Reverse Proxy Using NGINX Plus

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Rick Nelson
Published April 10, 2014

NGINX has gained justifiable fame as a very high‑performance web server. I think many people realize that NGINX can also be used as a reverse proxy, but they might not be aware of just what a powerful reverse proxy it is.

What Is a Reverse Proxy?

Let’s start by taking a step back and asking, what is a proxy server?  I think Wikipedia has a good definition:

[A] proxy server is a server (a computer system or an application) that acts as an intermediary for requests from clients seeking resources from other servers.

So a proxy server sits in between a client and the actual server that hosts the data the client is looking for. To the client, the proxy server appears to be the actual backend server, and to the backend server the proxy server looks like a client. To define a reverse proxy server we go back to Wikipedia:

[A] reverse proxy is a type of proxy server that retrieves resources on behalf of a client from one or more servers.

The difference is that a proxy server sits between clients and just one backend server, but a reverse proxy server sits in front of one or more backend servers and decides which of them to use for each request.

What Are the Benefits of Using a Reverse Proxy?

Why would you want to use a reverse proxy server?  There are number of benefits:

  • Concurrency – Internet applications often involve large numbers of clients each opening multiple connections, resulting in a very large number of connections to the backend servers. Many web servers and application servers do not handle large numbers of connections well (NGINX when used as web server is an exception), so adding a reverse proxy that can better handle multiple connections can result in a marked improvement in backend server performance.
  • Resiliency – If clients are connecting directly to a backend server and it suffers a failure, all clients currently connected (or trying to connect) to the server see their requests fail. A reverse proxy server can monitor the health of backend servers and stop sending requests to a failed server until it is back in service. Clients don’t see an error because the reverse proxy automatically sends their requests to the backend servers that are still operational.
  • Scalability – Because a reverse proxy is the single “public face” for the group of backend servers, you can add and remove servers in response to changing traffic load.
  • Layer 7 routing – A reverse proxy sees the traffic headed to all servers and can make intelligent decisions about where to send each request, modifying requests and responses as necessary. It can make routing decisions based on a certain HTTP header in the request, part of a URL, the geographic location of the client, and so on.
  • Caching – A reverse proxy is a great place to do caching – it’s usually much more efficient to cache content there than to send all requests to backend servers and have each backend server build its own cache.
  • Other functions – By sitting in front of the backend servers, a reverse proxy can perform other functions as well, such as traffic shaping based on bandwidth or request rate, connection limiting, integration with various authorization schemes, activity monitoring, and much more.

Using NGINX Plus as a Reverse Proxy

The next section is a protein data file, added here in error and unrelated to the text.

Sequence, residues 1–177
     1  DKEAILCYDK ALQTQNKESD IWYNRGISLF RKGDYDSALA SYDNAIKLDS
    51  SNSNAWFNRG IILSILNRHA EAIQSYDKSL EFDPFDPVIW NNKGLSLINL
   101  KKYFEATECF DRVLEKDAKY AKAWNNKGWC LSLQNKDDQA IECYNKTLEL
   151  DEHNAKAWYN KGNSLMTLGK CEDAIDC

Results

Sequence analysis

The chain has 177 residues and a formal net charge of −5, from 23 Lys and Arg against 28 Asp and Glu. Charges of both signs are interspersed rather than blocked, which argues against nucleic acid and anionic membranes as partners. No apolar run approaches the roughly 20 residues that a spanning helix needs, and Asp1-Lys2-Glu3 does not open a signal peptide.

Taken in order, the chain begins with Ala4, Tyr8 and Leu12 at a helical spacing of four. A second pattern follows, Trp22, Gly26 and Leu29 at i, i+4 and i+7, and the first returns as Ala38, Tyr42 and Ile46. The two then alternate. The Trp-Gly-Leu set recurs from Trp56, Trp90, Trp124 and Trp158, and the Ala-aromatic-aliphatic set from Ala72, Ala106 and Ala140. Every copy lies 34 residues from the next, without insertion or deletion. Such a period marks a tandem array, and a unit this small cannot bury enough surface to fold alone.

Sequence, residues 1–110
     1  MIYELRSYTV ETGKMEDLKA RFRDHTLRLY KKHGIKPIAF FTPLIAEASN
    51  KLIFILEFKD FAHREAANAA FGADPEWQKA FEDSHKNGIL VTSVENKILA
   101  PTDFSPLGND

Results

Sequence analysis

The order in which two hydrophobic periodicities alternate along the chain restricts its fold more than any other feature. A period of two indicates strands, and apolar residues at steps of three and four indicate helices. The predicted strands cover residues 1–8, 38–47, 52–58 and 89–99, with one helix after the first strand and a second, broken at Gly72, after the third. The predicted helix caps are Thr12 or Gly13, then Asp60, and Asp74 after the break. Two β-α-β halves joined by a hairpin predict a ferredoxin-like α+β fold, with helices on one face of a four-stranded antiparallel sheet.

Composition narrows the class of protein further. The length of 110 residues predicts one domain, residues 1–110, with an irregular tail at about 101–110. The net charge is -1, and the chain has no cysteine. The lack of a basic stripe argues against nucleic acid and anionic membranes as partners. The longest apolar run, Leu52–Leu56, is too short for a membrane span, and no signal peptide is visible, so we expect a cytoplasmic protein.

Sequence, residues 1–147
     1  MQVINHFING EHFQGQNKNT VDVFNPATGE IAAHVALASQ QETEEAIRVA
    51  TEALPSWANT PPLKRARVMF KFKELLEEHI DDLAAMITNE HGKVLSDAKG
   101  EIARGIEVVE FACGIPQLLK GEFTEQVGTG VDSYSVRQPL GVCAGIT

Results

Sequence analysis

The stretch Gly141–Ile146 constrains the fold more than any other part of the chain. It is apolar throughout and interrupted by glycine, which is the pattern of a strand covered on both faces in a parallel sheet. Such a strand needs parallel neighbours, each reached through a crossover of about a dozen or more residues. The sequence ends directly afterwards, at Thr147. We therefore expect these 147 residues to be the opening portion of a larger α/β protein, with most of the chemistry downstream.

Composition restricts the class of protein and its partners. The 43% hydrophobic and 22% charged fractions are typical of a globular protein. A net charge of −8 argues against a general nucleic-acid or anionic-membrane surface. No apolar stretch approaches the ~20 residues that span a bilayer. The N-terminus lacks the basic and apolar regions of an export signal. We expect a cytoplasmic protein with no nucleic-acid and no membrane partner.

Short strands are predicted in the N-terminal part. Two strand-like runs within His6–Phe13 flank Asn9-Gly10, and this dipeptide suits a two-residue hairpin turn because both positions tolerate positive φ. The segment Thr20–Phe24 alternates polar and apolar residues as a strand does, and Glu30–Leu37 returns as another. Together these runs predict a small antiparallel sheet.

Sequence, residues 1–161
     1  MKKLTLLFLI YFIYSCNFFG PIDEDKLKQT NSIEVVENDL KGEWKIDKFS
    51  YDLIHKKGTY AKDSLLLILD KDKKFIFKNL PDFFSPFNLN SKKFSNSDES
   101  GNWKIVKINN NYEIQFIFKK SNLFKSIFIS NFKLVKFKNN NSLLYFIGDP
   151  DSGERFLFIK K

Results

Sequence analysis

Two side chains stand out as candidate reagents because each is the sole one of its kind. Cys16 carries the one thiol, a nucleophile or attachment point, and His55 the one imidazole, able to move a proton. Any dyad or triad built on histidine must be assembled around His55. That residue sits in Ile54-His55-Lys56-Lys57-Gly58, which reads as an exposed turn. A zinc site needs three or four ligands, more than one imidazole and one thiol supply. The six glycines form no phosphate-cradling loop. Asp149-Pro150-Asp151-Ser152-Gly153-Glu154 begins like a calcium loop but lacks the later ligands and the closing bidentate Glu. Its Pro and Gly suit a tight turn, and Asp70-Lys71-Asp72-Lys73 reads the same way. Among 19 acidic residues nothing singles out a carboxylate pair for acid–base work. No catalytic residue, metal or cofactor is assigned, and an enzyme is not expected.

NGINX Plus introduces even more features to NGINX Open Source’s renowned web‑server capabilities, making NGINX Plus a full‑featured application delivery controller (ADC) able to take the place of proprietary hardware appliances.

The following are just some of the features available in NGINX Plus.

Load Balancing

There are multiple load balancing algorithms to choose from, both weighted and unweighted. Session persistence is also supported. NGINX Plus can load balance HTTP, HTTPS, WebSocket, FastCGI, memcached, SCGI, SPDY [obsoleted by HTTP/2, which NGINX Plus also load balances], and uwsgi. Read more.

Health Checks

Both passive and active monitoring of backend server health is supported. If NGINX Plus is unable to connect to a node, that node is marked as down. Active health checks can also be configured to run periodically against backend nodes. In addition, the slow‑start feature can be used so that NGINX Plus slowly ramps up traffic to a node that has just come online, to avoid overwhelming it with a burst of heavy traffic. Read more.

Request Routing

Traffic can be routed based on any part of a request, such as the client IP address, host name, URI, query string, headers, etc.

Request and Response Rewriting

Any part of a request or response can be modified, including headers, body, and URI. NGINX Plus can also add and delete headers. Read more.


Responses can be cached, and you can configure the types of content to cache and for how long. You can also purge items from the cache. Read more.


Gzip compression is supported, with fine grained control over which content to compress and when to use compression. Read more.

SSL/TLS Processing

SSL/TLS decryption and encryption are supported and decryption can be done for many domain names using different certificates. Read more.

Live Activity Monitoring and Logging

NGINX Plus statistics encoded in JSON format are available via a simple HTTP request. A dashboard web page is provided to display the statistics, or you can feed them to custom or third‑party monitoring tools  Custom‑formatted logs can be configured for both local logging and export to syslog. Read more.

And Much More

NGINX has many more features, such as support for video streaming, mail proxy support, GeoIP support, graceful restarts and upgrades without downtime, traffic shaping, connection limiting, and much more. For more information, visit us at and

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